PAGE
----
JO: You have teamed up with some pretty interesting names in a short time, is there anyone that you would like to work with?
V: I would love to work with Beat Takeshi Kitano. I grew up watching is TV shows, and his genius extends from comedy to movie-direction to painting. I don't know in what form, but it would really be an honor to work with him!
JO: Can you talk a bit about Teriyaki Boyz. How did you all come together and what was the initial vision of the group?
V: Teriyaki Boys consists obviously of NIGO, two guys from Rip Slyme and Wise and myself. I knew Ilmari (Rip Slyme) from back in the days, and we always talked about making music together, but we got so busy with our own groups (m-flo and Rip Slyme) that we never got to. One day NIGO decided to make a compilation called "NIGO (B)APE Sounds" and he wanted to have a collaborative compilation between Japanese rappers and foreign producers, with Pharrell Williams being one of them. For the compilation, we got the opportunity to work with DJ Shadow's track, so this marks the beginning of Teriyaki Boyz. When we started, we never thought it would become what it was. We thought it was just one song for the album, but then NIGO started getting us Ad Rock's tracks, then Daft Punk, and the rest is history. We made two albums and I did a mix-tape for Teriyaki Boyz.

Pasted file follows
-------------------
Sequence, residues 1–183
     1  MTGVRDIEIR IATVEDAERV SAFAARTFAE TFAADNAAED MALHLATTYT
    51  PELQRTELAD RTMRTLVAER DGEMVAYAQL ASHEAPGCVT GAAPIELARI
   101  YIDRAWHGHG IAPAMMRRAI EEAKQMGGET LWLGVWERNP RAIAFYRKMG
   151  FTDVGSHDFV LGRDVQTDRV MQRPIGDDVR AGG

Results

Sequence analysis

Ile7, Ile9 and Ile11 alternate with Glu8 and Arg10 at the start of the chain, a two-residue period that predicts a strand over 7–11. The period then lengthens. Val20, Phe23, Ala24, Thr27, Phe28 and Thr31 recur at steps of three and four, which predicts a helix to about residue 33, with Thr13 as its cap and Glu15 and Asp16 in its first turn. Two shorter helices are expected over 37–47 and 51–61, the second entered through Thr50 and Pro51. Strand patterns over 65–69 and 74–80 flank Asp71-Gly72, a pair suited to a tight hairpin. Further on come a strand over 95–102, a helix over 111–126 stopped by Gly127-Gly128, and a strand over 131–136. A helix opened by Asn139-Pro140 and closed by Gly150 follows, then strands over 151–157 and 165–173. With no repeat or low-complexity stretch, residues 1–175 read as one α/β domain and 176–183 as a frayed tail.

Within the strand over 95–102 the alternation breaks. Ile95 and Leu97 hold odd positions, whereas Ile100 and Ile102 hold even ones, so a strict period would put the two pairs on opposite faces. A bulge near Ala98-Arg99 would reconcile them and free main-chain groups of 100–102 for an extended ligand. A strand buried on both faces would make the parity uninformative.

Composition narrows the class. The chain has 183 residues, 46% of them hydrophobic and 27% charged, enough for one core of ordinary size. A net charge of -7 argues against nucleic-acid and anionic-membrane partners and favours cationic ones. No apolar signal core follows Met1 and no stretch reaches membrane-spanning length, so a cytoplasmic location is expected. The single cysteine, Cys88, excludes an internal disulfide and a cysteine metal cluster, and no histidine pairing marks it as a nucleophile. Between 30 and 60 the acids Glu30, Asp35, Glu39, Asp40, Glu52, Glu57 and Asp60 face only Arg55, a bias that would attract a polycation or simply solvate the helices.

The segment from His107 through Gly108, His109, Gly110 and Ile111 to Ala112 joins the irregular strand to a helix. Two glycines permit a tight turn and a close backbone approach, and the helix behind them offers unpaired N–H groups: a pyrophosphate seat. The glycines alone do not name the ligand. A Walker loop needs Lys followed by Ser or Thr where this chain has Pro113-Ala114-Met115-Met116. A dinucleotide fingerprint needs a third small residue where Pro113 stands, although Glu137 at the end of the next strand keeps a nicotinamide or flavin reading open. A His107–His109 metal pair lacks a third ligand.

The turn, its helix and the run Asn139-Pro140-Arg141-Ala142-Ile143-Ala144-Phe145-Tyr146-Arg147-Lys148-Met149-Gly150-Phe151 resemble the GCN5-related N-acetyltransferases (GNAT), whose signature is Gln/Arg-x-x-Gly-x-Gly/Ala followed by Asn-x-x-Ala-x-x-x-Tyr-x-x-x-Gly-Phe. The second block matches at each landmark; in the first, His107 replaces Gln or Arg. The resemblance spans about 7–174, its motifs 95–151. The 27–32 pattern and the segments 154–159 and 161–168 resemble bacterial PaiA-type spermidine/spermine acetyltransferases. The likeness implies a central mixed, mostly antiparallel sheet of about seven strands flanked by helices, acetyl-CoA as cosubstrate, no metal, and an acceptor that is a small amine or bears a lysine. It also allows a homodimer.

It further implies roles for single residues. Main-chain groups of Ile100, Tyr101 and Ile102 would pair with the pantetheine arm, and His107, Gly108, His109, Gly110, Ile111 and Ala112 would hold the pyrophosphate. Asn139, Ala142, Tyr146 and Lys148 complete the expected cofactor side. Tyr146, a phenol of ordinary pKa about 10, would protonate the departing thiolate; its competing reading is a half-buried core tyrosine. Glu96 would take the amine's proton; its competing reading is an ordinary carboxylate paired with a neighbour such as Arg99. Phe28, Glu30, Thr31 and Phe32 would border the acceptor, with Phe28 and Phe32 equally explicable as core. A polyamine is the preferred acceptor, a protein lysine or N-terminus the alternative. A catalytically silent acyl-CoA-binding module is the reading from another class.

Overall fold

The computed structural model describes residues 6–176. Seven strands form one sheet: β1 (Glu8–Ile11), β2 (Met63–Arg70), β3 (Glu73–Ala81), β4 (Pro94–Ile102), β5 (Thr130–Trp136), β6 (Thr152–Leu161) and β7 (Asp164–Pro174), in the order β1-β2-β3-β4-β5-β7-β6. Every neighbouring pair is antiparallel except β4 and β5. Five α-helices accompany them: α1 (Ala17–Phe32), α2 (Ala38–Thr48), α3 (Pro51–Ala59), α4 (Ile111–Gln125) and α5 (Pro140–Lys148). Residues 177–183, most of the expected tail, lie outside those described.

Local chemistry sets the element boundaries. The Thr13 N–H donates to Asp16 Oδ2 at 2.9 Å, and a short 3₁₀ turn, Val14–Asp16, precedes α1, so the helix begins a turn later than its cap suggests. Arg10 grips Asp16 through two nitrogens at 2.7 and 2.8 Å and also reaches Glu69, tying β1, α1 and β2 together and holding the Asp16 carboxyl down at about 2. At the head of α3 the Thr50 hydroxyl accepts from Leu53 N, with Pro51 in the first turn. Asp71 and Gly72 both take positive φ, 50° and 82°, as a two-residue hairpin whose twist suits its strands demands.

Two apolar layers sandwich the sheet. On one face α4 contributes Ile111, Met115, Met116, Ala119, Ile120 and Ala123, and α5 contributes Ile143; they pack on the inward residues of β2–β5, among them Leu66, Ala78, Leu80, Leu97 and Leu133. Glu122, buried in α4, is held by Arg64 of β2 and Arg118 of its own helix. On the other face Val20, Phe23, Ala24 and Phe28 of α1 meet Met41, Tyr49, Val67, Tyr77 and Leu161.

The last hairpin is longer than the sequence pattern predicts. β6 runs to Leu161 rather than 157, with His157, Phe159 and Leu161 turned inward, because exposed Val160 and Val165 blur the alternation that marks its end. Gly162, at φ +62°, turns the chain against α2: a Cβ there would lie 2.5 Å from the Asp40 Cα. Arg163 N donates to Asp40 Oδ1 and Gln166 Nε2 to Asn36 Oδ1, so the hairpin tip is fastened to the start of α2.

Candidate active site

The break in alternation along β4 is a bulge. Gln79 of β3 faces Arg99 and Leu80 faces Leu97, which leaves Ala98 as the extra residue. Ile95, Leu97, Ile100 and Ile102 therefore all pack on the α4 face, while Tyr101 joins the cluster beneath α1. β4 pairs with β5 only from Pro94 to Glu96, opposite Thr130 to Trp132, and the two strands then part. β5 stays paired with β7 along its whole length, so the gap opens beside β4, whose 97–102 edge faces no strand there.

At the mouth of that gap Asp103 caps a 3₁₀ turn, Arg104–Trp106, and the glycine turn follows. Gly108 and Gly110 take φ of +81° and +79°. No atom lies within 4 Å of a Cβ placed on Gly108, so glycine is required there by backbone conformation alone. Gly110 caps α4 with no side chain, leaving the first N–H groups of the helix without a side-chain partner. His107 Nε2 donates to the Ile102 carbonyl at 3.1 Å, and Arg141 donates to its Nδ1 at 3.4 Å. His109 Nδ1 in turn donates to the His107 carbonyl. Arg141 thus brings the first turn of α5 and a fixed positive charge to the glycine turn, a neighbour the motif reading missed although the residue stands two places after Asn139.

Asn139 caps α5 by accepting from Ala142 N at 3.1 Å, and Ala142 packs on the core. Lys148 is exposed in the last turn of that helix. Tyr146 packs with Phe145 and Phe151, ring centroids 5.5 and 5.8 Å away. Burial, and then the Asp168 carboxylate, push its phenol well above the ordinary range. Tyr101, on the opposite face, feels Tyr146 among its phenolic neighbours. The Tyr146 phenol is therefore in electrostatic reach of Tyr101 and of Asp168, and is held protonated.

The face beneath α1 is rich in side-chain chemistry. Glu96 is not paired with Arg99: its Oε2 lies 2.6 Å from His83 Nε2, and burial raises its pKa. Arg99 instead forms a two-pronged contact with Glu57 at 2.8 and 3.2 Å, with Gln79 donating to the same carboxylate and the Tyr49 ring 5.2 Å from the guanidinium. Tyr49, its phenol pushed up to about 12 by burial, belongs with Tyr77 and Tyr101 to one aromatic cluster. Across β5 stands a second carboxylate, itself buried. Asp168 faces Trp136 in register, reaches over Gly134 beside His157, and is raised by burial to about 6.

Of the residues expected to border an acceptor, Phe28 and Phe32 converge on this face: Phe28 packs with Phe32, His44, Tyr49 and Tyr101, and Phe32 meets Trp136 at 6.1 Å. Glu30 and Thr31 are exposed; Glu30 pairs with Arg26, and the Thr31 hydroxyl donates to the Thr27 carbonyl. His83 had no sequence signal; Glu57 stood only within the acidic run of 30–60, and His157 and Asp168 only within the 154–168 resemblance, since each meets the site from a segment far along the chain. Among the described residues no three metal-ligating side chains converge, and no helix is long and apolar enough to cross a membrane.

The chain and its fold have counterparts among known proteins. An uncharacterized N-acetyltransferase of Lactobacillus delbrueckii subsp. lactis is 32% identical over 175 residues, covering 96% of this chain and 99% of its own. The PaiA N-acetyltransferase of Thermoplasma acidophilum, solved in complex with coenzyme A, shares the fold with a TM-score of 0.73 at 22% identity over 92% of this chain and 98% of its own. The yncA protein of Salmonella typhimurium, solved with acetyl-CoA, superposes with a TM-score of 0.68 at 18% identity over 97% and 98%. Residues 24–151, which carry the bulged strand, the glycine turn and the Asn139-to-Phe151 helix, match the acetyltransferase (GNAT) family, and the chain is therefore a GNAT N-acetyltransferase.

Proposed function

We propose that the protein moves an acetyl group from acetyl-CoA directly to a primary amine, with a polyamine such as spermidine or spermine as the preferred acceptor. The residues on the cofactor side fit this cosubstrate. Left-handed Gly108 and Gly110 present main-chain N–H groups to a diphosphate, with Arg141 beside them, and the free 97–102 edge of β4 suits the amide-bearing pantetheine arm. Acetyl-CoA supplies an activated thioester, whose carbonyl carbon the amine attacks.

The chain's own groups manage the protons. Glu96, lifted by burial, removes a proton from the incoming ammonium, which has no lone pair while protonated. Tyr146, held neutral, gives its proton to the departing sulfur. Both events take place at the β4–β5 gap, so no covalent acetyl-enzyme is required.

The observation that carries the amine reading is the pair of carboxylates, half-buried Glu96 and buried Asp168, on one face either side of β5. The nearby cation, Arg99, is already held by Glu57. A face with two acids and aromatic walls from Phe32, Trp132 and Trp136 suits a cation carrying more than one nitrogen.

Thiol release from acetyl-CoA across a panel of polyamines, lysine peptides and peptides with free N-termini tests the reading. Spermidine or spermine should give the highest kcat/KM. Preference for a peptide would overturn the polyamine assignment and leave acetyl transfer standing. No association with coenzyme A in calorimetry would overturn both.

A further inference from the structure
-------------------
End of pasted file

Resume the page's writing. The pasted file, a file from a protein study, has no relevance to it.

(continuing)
JO: Coinciding with Bape and NIGO, the hype at the time was quite big. How did that effect the group?
V: Nigo used fashion as a medium, and along with Pharell who he did BBC with, and the way it traveled way beyond our expectation was just phenomenal. With Pharrell being involved, and with all the "bling-bling" hype around that time, people thought that NIGO just payola for everything. But contrary to popular belief, apparently Pharrell would just give NIGO beats in exchange for BAPESTA sneakers and it was pretty much a friendship thing. Having said that, we all learned and grew tremendously through our experiences with NIGO and Teriyaki Boyz, not to mention it was fun.